Assessing the Mesaverde Basin-centered Gas Play, Piceance Basin, Colorado
K. C. Hood, D. A. Yurewicz, 2008. "Assessing the Mesaverde Basin-centered Gas Play, Piceance Basin, Colorado", Understanding, Exploring, and Developing Tight-gas Sands, S. P. Cumella, K. W. Shanley, W. K. Camp
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Arobust play assessment of the Mesaverde basin-centered gas accumulation in the Piceance Basin has contributed significantly to our understanding of the quality of that potential opportunity. Because of the unconventional nature of the play, the assessment required a nontraditional approach. Ultimately, an assessment based on well performance will provide the clearest indication of the recoverable resource and economic viability of the play. Unfortunately, performance-based approaches are not reliable until a high operational efficiency has been achieved and the number of wells with adequate production histories is sufficient to elucidate the primary controls on resource density. We have used a staged approach that starts with a multi-pronged volumetric assessment and allows systematic transition into a performance-based assessment as data permit. Although the analysis is performed on a play (regional) scale, the calculations are more similar to a multiple-segment prospect assessment than to a traditional play assessment. Initially, the play is assessed as a small number of large segments, each of which has a full probabilistic analysis. As the level of understanding increases, the play is subdivided geographically and stratigraphically into progressively smaller segments to better honor the observed regional trends within the geologic controls. Concurrently, the entire play is subdivided into a continuous framework, or grid, of well drainage areas. Deterministic calculation of recoverable hydrocarbon volume per well drainage area documents the geographic variation of resource density within the probabilistic analysis segments. This map provides a direct link for calibrating volumetric assessment calculations with well performance data as they become available.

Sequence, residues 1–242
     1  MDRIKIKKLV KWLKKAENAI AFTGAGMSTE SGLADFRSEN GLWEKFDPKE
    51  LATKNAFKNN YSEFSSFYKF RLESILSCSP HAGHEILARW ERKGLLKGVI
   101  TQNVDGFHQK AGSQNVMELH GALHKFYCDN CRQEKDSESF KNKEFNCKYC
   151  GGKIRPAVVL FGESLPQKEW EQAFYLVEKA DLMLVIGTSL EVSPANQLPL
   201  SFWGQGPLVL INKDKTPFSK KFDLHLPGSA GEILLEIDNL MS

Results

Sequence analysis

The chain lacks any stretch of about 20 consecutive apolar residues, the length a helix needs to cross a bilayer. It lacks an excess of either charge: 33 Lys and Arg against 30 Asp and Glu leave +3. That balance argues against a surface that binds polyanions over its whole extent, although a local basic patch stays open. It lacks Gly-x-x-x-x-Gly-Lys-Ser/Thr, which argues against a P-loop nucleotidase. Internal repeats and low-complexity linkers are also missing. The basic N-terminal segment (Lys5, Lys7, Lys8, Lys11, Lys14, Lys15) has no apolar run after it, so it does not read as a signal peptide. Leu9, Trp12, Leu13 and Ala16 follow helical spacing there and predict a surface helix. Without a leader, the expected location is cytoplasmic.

The utility of a play assessment for exploration and development is enhanced when the results are tightly coupled to the primary geologic controls. To this end, several key observations from regional studies of the Piceance Basin have been incorporated into the assessment. For example, reservoir geometry is a critical factor in the production of gas and water within the basin. Accordingly, the stratigraphic section has been subdivided in eight assessment intervals mostly based on depositional facies and resultant sandstone geometry. Likewise, the top of the continuous gas within the basin is an important control on resource density. Although sandstones above this surface may contain some gas, they tend to produce large volumes of water (transitional zone of Hoak and Decker, 1995). This surface is complex and appears to cut across stratigraphic boundaries. We have used several alternative approaches to best map this effective vertical limit on the play. In our most likely interpretation, the top of the continuous gas mapped from log data was used to truncate the top of the assessed interval within the Mesaverde Group.